Hilderbrand said they ended up being critical of Johnson’s approach to the landscape, which was to cut it off and make it a source of panoramic views only. Their team brought trees into Johnson’s blank arcade, reduced the height of retaining walls, and built a flight of low, grassy stairs to pull the entrance outside of the building. The overall effect is to better root the building in its surrounding landscape, making it feel more like a piece of the place than disengaged from its environment.

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ASLA 2011 Professional Residential Design Honor Award. Beyond Pictorial: Revising Philip Johnson’s Monumental Beck House / Alan Ward

They then restored the creek and bridge, editing out invasive plants and trees, and set a series of long white planks that brought a further sense of order to the estate’s grounds.

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ASLA 2011 Professional Residential Design Honor Award. Beyond Pictorial: Revising Philip Johnson’s Monumental Beck House / Reed Hilderbrand

Hilderbrand then took us to Marshcourt, a historic manor by Sir Edwin Luytens in England, where his firm is reintegrating the surrounding chalk landscape back into the place. The buildings’ walls are made of chalk and flint. The nearby chalk quarry proved to be an inspiration for what Reed Hilderbrand did: create the sense that once is driving through a “cut of chalk,” then going through a “door,” upon which you open up into the copse. “The contractors thought we were out of our minds compacting chalk into steep slopes.” But the effect is worth it: the meadows planted on top of the slopes are beautiful.

Lastly, Old Quarry, a project on the Long Island Sound in southern Connecticut, tells the story of finding order in an old stone quarry. Paths are like jetties. Footpaths were created across paths of rocks. Reed Hilderbrand used a simple, coastal plant palette. Hilderbrand said this project took four years, and was like being a “kid in a sandbox.” Stone masons actually spent two years on site, forming the stone into patterns. “This was definitely a luxury.”

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ASLA 2012 Professional Residential Design Honor Award. Reordering Old Quarry / Charles Mayer Photography

According to Hilderbrand, all these examples prove that “a landscape architect never begins from scratch. We always begin with a story, maybe centuries of stories.” And those stories may not necessarily need to be understood by those seeing them. “Whether the experience is rational or emotional, we don’t have to understand everything behind a landscape.”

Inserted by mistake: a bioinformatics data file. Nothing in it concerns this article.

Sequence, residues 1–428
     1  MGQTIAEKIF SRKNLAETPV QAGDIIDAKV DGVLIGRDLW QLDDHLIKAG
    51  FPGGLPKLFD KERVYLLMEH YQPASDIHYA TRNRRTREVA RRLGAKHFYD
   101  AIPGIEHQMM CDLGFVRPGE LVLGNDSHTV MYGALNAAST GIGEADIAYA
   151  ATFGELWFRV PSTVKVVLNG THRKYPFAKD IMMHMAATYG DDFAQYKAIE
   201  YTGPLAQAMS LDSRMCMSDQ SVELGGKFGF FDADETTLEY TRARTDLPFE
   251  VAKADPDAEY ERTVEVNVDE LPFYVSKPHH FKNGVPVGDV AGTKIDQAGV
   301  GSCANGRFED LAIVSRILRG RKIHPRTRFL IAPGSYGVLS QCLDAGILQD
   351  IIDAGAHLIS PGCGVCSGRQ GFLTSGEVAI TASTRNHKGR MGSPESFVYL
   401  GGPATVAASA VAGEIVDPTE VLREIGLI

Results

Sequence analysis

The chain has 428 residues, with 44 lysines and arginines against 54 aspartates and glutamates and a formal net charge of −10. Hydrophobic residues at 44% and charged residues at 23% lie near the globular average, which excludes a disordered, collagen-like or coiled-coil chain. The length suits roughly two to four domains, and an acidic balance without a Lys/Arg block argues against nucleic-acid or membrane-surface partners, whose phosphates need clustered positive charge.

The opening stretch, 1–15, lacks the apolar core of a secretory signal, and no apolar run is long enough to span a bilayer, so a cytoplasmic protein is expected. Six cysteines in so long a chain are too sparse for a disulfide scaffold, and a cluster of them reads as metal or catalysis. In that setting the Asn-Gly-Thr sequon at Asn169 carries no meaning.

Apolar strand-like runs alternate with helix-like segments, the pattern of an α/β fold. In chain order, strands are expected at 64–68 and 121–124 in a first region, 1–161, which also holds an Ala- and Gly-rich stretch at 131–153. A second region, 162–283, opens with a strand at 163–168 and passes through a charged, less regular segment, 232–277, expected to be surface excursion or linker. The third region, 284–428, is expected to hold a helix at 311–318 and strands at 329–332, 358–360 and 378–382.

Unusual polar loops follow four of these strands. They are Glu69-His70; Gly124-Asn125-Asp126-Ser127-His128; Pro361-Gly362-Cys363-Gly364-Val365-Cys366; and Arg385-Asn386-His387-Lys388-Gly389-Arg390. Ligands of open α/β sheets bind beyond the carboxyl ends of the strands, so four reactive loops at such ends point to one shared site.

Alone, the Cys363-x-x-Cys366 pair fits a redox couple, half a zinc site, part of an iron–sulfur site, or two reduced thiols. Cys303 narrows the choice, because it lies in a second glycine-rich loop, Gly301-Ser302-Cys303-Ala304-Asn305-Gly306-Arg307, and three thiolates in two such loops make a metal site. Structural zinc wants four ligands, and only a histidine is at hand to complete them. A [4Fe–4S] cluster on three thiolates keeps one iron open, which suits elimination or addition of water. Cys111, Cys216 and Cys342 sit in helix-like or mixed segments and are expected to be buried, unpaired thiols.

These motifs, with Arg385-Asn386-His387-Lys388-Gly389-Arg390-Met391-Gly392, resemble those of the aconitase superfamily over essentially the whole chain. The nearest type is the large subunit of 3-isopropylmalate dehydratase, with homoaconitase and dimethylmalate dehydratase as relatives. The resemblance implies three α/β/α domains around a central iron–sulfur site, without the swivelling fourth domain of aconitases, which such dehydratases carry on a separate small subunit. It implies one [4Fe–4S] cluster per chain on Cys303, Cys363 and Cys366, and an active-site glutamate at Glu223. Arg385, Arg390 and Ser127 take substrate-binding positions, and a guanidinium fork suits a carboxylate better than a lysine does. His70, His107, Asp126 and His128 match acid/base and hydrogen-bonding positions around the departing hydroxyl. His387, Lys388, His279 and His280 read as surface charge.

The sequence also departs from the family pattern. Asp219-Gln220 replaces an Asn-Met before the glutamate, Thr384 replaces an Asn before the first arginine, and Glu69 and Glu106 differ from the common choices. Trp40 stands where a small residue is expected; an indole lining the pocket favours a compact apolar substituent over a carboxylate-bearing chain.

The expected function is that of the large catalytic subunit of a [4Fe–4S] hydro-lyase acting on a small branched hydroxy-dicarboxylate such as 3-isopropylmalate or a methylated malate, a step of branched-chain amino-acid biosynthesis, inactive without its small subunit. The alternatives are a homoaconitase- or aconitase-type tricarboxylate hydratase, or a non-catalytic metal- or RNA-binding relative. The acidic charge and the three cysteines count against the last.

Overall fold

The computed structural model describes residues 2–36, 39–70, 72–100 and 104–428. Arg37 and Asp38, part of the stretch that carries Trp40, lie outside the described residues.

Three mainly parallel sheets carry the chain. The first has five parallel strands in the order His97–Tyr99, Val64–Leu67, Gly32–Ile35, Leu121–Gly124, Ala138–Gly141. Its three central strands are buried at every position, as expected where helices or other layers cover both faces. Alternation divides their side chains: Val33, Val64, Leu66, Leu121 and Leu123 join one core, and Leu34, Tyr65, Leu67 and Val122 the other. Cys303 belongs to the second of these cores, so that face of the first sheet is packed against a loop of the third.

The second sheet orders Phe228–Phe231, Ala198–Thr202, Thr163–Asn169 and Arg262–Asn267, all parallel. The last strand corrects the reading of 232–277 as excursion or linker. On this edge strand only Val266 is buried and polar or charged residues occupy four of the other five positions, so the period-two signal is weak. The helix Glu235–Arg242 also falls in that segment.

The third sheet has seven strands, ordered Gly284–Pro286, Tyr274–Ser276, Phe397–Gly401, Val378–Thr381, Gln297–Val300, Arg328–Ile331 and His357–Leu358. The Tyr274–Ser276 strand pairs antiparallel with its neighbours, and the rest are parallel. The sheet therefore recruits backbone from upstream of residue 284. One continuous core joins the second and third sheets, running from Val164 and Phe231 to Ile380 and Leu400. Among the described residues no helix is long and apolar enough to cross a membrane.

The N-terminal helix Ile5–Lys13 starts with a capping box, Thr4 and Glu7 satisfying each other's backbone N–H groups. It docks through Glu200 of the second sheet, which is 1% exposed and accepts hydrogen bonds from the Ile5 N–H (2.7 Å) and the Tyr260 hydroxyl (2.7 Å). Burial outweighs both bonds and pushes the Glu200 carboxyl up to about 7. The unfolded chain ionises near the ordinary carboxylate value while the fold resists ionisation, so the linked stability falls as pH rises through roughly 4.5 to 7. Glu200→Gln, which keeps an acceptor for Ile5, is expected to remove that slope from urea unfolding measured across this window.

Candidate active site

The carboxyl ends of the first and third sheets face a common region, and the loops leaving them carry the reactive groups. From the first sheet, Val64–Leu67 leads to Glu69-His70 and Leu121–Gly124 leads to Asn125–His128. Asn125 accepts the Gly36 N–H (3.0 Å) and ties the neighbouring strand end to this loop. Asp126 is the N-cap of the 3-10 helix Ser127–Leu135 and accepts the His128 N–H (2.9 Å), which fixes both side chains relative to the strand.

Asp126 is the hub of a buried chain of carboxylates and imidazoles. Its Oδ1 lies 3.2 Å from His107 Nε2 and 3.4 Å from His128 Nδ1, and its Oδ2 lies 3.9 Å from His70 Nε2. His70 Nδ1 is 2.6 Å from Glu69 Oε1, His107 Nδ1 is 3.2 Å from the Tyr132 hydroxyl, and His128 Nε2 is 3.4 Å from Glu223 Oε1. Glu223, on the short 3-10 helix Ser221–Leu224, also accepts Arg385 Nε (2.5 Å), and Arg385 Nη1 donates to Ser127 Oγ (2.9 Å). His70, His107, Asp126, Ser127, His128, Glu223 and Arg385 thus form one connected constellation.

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Colombia’s decades of civil war displaced hundreds of thousands of people. Fleeing the countryside, they arrived in the cities like Medellin, only to discover a brutal world ruled by drug lords. Until drug kingpin Pablo Escobar was killed in 1993, the residents of Communa Trece, a community on a steep slope about a mile from the central valley of Medellin, faced incredible violence. In the early 90s, there were more than 6,000 murders per year. “Escobar corrupted Medellin. He turned kids into contract killers. Everyone wanted a motorcycle and a gun,” said Carlos Mesa, a guide with Las Buseticas, in a tour organized through the UN-Habitat’s World Urban Forum.

Years after Escobar’s death, the city’s mayors began a program of reconciliation with the former drug lords, turning them into local civic leaders. The settlements themselves changed from illegal to legal, as the city brought in clean water and made properties legitimate with official deeds. To create a sense that those living on the slopes were also citizens of Medellin, the city financed training and education targeted at the poor. And, importantly, the city began making major investments in infrastructure and urban design, like an incredible 300-foot long escalator built right into the hill, which helped give the residents of Commua Trece the sense that their lives matter, too.

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Communa Trece really started to take shape in the 1970s and 80s, said Mesa. The area is highly geologically-unstable, offering a high-risk of landslide. Homes were originally made of tin, wood, and cardboard; now, they are made of bricks. At first, the city government didn’t pay attention to this illegal settlement taking shape. “They had other priorities.”

But beginning with Mayor Sergio Fajardo in the early 00s, the city began to take notice, initiating a program of reconciliation with the gang leaders, as “many already had strong leadership skills,” said Mesa. As security improved, whole neighborhoods became legal. If a resident of a shanty wanted access to social services, they needed to have their residence surveyed to make sure it was safe, and, then, if so, it was officially formalized and legalized. In many cases, these homes were then brought into the electricity and water grid. Mesa said some houses were removed because they were found to be built on highly unstable lots.

To improve the quality of life in some of the steepest areas, EDU, the city’s urban development organization, initiated a range of projects, spending tens of millions, including $8 million on the new escalator for one of the steepest slopes. Working with Japanese engineers, the city of Medellin wanted to design a singular form of access for one of the most forgotten parts of the city.